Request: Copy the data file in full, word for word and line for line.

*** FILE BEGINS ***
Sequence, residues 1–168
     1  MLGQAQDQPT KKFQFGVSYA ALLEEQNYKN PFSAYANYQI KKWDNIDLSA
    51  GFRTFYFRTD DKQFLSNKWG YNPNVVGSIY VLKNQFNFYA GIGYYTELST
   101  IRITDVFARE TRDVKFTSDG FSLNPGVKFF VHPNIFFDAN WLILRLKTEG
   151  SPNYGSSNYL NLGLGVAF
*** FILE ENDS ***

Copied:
Sequence, residues 1–168
     1  MLGQAQDQPT KKFQFGVSYA ALLEEQNYKN PFSAYANYQI KKWDNIDLSA
    51  GFRTFYFRTD DKQFLSNKWG YNPNVVGSIY VLKNQFNFYA GIGYYTELST
   101  IRITDVFARE TRDVKFTSDG FSLNPGVKFF VHPNIFFDAN WLILRLKTEG
   151  SPNYGSSNYL NLGLGVAF